There is a project that Ron and I have been working on since mid-April. I have held off on sharing it because I was waiting to have something in it to show. We woke up at an early 6am and the view out our bedroom window had us very vexed. So, it is time to show the project and get some help from you experts out in the world.
RAISED BED GARDENS!!!
I know, not very excited to some, but it us, this is project has been a long time coming and it is very very exciting. We have always had a veggie garden. Though, in the past, it hasn't been much more then a small tilled plot with a half dozen or so plants. The new house gave us the opportunity to change all that.
Our yard is a full acre and although we would like it to be all lush and green, there is a large area what is dead and brown. In 2000, when an addition was put on the old house, they brought in a ton of "fill" to raise the level of the yard. Instead of bringing in "clean fill", they basically put a parking lot under ground. It is all the gravel and asphalt leeching into the ground killing the grass (and the two big trees that used to call the backyard home).
A big dead spot is PERFECT for raised beds!! Ron did tons of research, took ques from our friends Lindsey & Lucas that have beautiful raised bed gardens, looked at photos on flickr and videos on PBS.com. He debated if we would use cedar or pine for the wood. Once we heard that cedar would be about $50 a board and we needed 12+ boards, it was decided that the $5 pine would be the way to go, lol. And NO, not pressure treated, that would be putting chemicals into the soil... not good.
It was a really brisk cold day when we set to building the beds. The weekend before Easter, if I recall correctly. The sun was out, but oh how we shivered! The fill for the gardens is free leaf mulch put out by our town every spring. This isn't mulch in the classic bark like sense that you are used to. Leaf mulch is rich and black, and so much better then dirt. It took 8 truck loads (Ron filling his truck each night after work) to fill the beds. And they could probably use more!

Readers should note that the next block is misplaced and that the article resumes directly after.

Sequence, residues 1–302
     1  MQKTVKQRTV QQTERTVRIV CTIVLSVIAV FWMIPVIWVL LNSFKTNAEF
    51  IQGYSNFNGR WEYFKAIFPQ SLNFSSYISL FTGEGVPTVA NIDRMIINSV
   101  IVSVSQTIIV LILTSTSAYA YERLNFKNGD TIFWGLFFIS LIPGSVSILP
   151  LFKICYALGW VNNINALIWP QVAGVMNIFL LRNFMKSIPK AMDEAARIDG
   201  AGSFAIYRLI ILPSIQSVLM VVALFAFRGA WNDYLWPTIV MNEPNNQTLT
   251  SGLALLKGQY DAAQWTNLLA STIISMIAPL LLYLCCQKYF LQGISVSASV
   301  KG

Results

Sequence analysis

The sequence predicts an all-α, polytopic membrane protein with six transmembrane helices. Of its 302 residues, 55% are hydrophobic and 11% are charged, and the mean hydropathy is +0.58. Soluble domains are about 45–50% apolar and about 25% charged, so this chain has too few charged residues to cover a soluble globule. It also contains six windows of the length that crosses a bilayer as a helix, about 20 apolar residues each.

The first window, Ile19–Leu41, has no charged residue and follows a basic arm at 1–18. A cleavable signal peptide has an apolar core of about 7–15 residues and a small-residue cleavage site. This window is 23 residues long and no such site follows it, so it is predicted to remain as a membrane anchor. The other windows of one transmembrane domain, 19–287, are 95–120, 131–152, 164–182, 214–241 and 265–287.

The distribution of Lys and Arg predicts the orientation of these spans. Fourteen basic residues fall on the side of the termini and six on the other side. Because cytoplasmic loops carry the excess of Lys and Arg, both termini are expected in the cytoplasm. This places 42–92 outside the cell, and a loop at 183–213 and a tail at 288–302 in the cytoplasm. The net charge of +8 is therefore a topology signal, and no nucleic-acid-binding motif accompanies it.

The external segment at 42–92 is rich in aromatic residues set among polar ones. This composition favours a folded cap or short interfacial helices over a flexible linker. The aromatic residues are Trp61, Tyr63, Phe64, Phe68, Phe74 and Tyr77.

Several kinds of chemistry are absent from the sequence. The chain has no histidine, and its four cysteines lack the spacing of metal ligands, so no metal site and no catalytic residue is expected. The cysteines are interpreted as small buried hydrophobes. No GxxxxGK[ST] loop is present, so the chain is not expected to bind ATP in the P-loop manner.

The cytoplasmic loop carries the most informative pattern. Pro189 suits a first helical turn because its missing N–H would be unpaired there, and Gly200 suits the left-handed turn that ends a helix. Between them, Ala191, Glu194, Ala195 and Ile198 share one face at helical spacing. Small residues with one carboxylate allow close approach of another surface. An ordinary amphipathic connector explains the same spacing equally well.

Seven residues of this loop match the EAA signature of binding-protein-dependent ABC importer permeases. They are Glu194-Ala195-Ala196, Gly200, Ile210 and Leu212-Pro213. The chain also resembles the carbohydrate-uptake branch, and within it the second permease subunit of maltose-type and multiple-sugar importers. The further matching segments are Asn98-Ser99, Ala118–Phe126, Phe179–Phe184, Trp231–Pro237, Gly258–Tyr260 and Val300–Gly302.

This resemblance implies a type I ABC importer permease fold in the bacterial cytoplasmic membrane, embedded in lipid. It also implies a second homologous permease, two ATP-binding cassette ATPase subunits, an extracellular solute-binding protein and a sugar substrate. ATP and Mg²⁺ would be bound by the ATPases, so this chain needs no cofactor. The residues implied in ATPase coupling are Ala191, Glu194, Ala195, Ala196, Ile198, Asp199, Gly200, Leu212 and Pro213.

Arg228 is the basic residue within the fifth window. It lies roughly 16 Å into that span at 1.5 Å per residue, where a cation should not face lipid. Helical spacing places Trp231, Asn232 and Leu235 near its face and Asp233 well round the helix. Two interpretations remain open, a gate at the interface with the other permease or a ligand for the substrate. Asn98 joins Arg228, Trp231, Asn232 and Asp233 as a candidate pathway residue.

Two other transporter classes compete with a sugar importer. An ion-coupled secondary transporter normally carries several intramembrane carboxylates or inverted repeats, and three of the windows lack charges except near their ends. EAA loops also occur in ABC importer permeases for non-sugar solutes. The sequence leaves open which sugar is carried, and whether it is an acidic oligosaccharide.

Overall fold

We set to trying to grow plants from seeds. And frankly, we suck at it. Our tomatoes are tiny, our onions are so fine their stalks look like strands of hair, lol, and our peppers barely came out of the soil. Now, I know some things are easier to grow then others, but come on. LOL. We put the plants in the beds anyway, and added a few green house bought ones as well. Moving from the east to west in the garden we have planted... strawberries (a whole square bed to themselves), about a dozen tomatoes, onions, peppers, carrots, peas, beans, broccoli, eggplant, squash, cucumber, and zucchini. My Mom has taken over one of the beds too. So add to that list... spinach, radishes (yuck!), beats, more tomatoes, more peas, more beans, and other things I can't remember.
Now... our veggies are in jeopardy!! Homer, the groundhog, is eating everything!! Homer lives under the shed in the neighbor's yard. We see him out in the yard every couple of days. He is a bold groundhog, coming up close to the house, yet he races away with so much as a click of the door unlocking. Damn thing. GRRRR!!!! He has eaten all Mom's peas and beans... he has taken an eggplant... and chewed up the tops of the tomatoes too. We started researching what to do. Some say mothballs, but that is illegal because it contains a known carcinogenic (who wants that next to their veggies anyway), some say animal urine, Lindsey says Milorganite, I have read about electric fences, and Mom got these little gray-my-bobs that are supposed to work (but don't).
Lemme hear it... what has worked for you gardeners of the blog reading world?!? Lots more photos in my Flickr Photostream!!